Luxury College Housing: More Than Just an Outrage to Parents, It’s an Investment
Any high school senior who has visited college campuses recently knows that student housing, at least beyond the freshman year, doesn’t have to be his mother’s dorm room. These days, university-sanctioned apartment buildings with private rooms, wide-screen televisions and resort-style swimming pools house tens of thousands of students who talked their parents into paying for them.
Parents who come away from these tours worrying that college costs will suck their bank accounts even drier than previously feared might consider investing in the companies that build and maintain these grand dorms. Clearly, someone is making money on this. Some are making money for shareholders too.
Lately, it’s American Campus Communities (ACC) that’s profiting most from college housing. ACC, a REIT, and as such required to pay out 90% of its net income to investors, also has produced total shareholder returns in the past 12 months topping 32%. American Campus Communities' market cap has risen above $2.5 billion.
YCharts gives ACC good scores for fundamentals but puts the shares as moderately overpriced, largely based on the company’s recent revenue figures. That may change once the 13 projects it has under construction start taking rent. Two of those open up this quarter.
American Campus’s $2.4 billion in college housing assets makes it the largest of the college housing REITs and with its 2004 IPO, the first to go public. Like competitors Education Realty Trust (EDR) and Campus Crest Communities (CCG), it develops apartment buildings on or adjacent to college campuses that house college students exclusively. The company replaces the college as matchmaker for roommates and rent collector, and colleges themselves often are partners in the developments.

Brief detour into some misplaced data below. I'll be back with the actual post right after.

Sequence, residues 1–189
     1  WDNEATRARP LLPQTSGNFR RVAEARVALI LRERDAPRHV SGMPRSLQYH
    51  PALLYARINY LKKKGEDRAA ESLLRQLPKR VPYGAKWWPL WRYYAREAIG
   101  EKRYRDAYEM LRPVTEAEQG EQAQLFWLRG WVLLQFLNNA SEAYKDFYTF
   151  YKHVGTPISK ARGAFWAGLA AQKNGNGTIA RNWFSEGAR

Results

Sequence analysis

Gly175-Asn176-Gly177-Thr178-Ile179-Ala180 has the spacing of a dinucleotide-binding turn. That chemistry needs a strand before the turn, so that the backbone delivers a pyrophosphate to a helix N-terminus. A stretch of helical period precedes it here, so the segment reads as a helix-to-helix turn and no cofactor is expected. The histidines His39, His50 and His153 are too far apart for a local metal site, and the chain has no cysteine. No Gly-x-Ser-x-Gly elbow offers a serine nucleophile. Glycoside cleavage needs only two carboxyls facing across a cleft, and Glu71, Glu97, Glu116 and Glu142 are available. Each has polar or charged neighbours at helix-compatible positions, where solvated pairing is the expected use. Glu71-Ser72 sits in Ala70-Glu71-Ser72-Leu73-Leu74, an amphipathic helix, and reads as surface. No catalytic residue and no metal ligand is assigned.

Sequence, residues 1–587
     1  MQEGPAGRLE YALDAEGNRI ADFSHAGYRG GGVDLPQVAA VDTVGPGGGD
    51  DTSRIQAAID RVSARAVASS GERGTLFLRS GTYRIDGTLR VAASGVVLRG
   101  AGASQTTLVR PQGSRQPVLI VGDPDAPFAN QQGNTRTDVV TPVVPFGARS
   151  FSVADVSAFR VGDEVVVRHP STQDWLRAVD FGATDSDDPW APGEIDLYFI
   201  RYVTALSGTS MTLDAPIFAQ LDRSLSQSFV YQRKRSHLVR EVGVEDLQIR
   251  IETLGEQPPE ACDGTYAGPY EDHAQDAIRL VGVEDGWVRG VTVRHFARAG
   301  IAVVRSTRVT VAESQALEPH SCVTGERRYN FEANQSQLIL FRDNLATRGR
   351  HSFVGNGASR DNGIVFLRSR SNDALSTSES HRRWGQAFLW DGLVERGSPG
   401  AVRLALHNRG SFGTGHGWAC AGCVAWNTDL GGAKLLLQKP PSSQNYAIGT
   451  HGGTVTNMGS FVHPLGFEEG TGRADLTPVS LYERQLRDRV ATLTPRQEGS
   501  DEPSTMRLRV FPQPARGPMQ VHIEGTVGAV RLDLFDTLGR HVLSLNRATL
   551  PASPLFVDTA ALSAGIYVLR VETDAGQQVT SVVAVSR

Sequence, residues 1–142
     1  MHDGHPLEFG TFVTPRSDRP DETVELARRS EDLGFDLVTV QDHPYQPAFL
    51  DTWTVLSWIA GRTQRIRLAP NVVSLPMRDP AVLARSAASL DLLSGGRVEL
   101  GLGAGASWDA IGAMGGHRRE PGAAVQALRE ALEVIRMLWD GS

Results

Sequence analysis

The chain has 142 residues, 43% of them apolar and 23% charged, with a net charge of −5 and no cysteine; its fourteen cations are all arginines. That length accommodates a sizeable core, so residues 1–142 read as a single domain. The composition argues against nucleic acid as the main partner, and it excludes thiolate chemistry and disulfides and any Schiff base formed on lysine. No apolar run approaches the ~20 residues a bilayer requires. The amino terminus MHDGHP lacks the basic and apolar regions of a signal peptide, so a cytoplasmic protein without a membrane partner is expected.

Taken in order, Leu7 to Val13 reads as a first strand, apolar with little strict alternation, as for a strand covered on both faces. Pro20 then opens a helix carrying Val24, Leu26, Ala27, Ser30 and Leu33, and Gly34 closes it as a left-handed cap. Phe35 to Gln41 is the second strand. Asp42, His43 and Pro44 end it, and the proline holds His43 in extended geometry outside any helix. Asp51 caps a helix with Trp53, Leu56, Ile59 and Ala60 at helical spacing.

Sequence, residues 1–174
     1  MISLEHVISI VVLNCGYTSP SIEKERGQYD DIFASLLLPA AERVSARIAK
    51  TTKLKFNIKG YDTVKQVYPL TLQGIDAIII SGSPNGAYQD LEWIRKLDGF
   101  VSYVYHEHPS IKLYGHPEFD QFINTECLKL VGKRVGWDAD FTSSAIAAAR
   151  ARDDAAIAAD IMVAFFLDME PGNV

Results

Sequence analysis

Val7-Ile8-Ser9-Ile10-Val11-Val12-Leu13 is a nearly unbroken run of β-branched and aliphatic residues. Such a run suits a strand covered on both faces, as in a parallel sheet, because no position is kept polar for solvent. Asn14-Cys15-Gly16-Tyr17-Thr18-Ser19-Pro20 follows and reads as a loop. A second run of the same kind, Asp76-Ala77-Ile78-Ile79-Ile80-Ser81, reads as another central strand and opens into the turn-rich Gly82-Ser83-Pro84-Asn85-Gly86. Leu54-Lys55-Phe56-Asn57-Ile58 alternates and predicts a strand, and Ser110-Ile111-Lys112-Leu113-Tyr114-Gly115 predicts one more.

A typical apartment includes a private bedroom and bathroom for each renter in a suite surrounding a large kitchen and living room. They tend to be decked out with modern furniture, and many developments have the amenities of resort hotels; think beach volleyball courts and spas.
Demographics for this industry are good, as boomers will be sending their kids to college in record-setting numbers through 2015. Schools who feel they need to offer more than the loft bed and shower down the hall to remain competitive often are happy to exchange the income from a new development to a third party willing to shoulder construction costs.
American Campus developments run about 91% full at the moment, and last month the company increased its guidance for 2011 income. It pre-leased more than 95% of its rooms for the upcoming school year and raised rents about 3% overall.
Education Realty, American Campus’s biggest competitor, also reported increasing rents this year but only an 85% pre-lease rate. Ignoring for now the REIT preference for funds from operations figures (an argument for another day), basic earnings per share data show diverging fortunes for these two companies, despite roughly equivalent shareholder returns so far this year.
American Campus has about $48 million in cash on hand, as well as positive cash flow. Despite a big project list, its debt level is better than ever.
The risk for American Campus investors now is that a tougher economy will cause more parents to balk at the extra cost of posh accommodations. So far, however, plenty of parents are accepting the higher rent as just another piece of the already gargantuan cost of college. Tuition may be $50,000 a year, but keeping the daughter away from boy-packed dorms or gritty apartments? For some, that will always be priceless.